“A good ad creative” — what exactly does that look like? There is no set answer for this, it’s always different. After all, “good” is a very subjective definition. How to make sure that your understanding of good matches with your potential audience’s one? For example, you can do so with ad creative testing. In this article, experts from the performance marketing agency AdQuantum show you how to get ready for this testing (not to be confused with A/B testing), how to conduct it efficiently and use the testing results correctly.
Testing is often neglected by mobile marketing teams because it requires extra time and investment. Of course, it is much easier and faster to immediately start running ads without undertaking extra steps. But it’s much better not to ignore testing. These tests will save you nerves, money, and time in the long run. And here’s why:
It is not always possible to determine what exactly catches a user’s attention in a particular ad, so you can test literally anything in creatives. In addition to testing the creative concept itself, multiple details can be put to the test. It can be composition, contrast, the number of key elements, the text on the creative, colors, the look of the Call to Action (CTA) button, timing of the video. And this is not a complete list.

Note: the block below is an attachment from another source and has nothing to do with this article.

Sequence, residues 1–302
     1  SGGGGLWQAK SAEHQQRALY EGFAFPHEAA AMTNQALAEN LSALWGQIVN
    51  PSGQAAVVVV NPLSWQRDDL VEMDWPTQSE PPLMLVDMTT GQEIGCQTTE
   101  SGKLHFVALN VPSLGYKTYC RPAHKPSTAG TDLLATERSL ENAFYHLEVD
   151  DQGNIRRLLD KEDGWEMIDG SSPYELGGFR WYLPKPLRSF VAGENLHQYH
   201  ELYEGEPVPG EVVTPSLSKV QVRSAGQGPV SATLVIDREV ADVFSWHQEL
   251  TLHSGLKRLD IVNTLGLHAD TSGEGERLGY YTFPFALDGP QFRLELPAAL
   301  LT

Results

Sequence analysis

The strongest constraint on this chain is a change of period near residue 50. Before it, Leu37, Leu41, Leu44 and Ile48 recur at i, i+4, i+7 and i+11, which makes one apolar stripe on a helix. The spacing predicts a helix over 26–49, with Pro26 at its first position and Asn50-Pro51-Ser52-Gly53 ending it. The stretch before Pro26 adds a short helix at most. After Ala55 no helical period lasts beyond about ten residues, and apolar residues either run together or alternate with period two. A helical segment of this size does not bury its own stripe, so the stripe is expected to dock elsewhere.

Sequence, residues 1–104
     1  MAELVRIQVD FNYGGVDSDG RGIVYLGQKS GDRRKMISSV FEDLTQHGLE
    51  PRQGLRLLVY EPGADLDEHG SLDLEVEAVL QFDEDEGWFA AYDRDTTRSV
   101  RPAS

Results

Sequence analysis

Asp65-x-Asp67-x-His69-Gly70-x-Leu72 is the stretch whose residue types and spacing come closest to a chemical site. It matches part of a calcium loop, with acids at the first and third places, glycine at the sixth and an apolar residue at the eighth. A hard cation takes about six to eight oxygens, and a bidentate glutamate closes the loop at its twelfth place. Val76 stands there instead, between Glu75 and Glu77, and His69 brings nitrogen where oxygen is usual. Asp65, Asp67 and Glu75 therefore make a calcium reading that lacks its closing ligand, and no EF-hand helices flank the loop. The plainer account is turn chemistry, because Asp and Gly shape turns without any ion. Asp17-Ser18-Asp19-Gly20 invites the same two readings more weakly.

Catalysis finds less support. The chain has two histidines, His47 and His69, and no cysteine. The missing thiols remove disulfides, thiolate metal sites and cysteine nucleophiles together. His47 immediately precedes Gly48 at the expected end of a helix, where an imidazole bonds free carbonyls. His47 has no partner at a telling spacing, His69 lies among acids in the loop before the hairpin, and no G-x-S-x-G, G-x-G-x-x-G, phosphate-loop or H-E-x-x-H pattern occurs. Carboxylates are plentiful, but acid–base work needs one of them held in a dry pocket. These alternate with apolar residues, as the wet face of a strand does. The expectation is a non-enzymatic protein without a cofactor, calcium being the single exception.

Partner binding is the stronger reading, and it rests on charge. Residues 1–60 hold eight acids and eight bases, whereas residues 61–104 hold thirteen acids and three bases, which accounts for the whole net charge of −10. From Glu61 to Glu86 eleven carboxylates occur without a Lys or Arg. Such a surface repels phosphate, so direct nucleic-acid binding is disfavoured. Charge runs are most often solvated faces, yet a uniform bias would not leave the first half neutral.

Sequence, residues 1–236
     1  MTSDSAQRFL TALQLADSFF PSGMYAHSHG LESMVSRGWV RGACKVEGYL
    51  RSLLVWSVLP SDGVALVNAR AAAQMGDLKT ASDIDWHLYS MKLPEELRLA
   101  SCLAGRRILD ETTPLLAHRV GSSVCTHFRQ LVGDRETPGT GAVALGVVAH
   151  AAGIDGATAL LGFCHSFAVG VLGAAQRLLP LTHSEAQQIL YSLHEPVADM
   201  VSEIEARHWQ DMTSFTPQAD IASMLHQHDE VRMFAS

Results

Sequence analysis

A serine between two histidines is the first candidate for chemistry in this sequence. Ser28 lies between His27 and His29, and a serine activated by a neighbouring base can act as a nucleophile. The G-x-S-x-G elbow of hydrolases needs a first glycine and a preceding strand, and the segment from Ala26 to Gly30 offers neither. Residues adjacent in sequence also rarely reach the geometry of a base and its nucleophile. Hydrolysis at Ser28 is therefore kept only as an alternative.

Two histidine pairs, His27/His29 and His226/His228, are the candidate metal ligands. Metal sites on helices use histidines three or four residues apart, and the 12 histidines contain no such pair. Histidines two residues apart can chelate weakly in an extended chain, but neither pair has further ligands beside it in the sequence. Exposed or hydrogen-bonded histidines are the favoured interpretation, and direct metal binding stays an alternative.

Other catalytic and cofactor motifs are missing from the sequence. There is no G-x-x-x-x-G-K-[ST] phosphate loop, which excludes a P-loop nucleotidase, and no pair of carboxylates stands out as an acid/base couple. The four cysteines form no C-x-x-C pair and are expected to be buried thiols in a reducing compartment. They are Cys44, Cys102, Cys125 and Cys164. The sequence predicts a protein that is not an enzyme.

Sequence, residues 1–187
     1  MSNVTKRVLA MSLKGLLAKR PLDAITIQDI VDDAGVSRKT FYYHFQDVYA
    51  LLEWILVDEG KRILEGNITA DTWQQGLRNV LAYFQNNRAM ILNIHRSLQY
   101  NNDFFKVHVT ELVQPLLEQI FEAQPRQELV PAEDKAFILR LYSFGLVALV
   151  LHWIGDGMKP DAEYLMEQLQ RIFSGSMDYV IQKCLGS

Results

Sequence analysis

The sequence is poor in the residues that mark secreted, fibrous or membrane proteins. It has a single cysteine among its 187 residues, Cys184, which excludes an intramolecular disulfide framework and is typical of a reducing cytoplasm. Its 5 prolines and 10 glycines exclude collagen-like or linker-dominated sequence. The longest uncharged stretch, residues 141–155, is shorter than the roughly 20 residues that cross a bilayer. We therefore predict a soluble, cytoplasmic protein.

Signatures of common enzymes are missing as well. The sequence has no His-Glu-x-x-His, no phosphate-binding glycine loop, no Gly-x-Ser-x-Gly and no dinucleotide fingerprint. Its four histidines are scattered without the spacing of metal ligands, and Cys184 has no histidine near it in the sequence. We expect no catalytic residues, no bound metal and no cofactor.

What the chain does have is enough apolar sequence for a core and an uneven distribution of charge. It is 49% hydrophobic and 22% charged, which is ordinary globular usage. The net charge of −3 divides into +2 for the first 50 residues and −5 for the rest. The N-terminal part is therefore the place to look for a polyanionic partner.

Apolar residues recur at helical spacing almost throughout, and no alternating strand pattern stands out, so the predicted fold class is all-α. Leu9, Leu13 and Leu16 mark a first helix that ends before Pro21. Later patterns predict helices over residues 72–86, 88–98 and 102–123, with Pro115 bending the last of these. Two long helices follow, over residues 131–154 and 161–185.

For example, in the creatives for the mobile game, Idle Space Farmer, we tested the rendering style, color, text, and shape of the CTA button, additional text on the creative, the girl’s appearance, her location, and the background. The below collage demonstrates the initial, intermediate, and final versions of the creative made from the same hypothesis. It was testing that helped us determine what engages the audience best.
On average, testing lasts for 1-2 days. This is enough time to get the first metrics that would show you how to proceed. The number of testing iterations depends on how many creatives are being tested simultaneously.
In terms of money, testing usually takes up to 15% of the total ad budget. Thus, even if tests show poor results, you do not lose in the overall campaign performance. After all, the testing budget is never wasted. For the amount of money spent, you always gain invaluable experience. Already after the first test iteration, you obtain an understanding of which ads actually interest your target audience and which don’t.
In order not to be flying blind and get the most out of the creative tests, you need to properly prepare for them. These are the points to stick to for getting objective results and design the most efficient ad creatives:
There are 3 options for creatives testing: simultaneously, sequentially, and with A/B testing.
You save precious time when you test ad creatives all at once. When you have a huge amount of creatives done and ready to be launched, it would be better to test sequentially.